Water from springs, rivers, seas and oceans have been essential for the development and survival of human groups for thousands of years. These groups settled near water sources to use it as a resource, consume it, fish, cultivate or extract minerals, but also as a means of communication, interaction and exchange. In addition, many watery spaces had a high significance and symbolism for the inhabitants of the past and that is why the evidence of rock art, burials or places of worship are physically related to these places.
We will show some evidences of the relationships between the great Andalusian megaliths and the availability of water and its use around them, as well as cave paintings and engravings in Latin America. We also want to bring children to a children’s workshop to learn about the animals of the sea and oceans that were part of the food and beliefs of the groups of the past. Many fish, mammals, reptiles and sea birds were painted in rock art and caves thousands of years ago.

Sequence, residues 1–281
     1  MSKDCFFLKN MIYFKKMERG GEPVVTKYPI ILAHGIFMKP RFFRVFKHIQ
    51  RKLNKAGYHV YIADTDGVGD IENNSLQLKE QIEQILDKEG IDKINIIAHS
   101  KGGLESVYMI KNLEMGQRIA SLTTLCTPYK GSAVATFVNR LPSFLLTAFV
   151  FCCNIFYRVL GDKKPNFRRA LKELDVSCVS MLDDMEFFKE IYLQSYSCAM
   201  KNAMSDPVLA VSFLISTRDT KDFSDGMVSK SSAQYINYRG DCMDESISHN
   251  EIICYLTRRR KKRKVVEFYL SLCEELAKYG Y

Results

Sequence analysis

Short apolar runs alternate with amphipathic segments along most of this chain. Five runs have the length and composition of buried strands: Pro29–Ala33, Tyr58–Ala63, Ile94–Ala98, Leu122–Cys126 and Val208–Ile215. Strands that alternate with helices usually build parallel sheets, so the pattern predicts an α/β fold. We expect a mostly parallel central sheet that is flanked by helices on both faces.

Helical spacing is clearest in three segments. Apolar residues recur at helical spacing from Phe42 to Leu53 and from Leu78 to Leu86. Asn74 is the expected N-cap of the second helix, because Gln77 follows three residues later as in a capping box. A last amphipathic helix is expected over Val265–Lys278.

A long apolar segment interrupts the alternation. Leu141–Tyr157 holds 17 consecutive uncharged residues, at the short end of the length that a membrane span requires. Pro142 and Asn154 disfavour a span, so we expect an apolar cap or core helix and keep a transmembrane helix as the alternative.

On the other hand, we will show how climate change phenomena not only affect the water resources themselves, but also the world heritage near them.
Participation of international researchers:
Universidad de Sevilla: Aline Lara Galicia, Leonardo García Sanjuán, Marta Cintas Peña, David Lagunas
Pontificia Universidad Católica de Chile: Marcela Sepúlveda Retamal
Universidad Pedagogica Nacional: Judith Trujillo, Carlos Rodríguez
Museo Chileno de Arte Precolombino: Benjamín Ballester
GIPRI ORG.: Guillermo Muñoz
University of Vigo: Carmen Pérez Maestro
IPHES: Ramon Viñas Vallverdú
University of Barcelona: Albert Rubio Mora
Independent researcher: Martha Cabrera Guerrero
PhD: Carmen Rocío Borne Mulero, Celia Naranjo Cruz, Marta Rodríguez Moreno, Beatriz Valiente Jaén.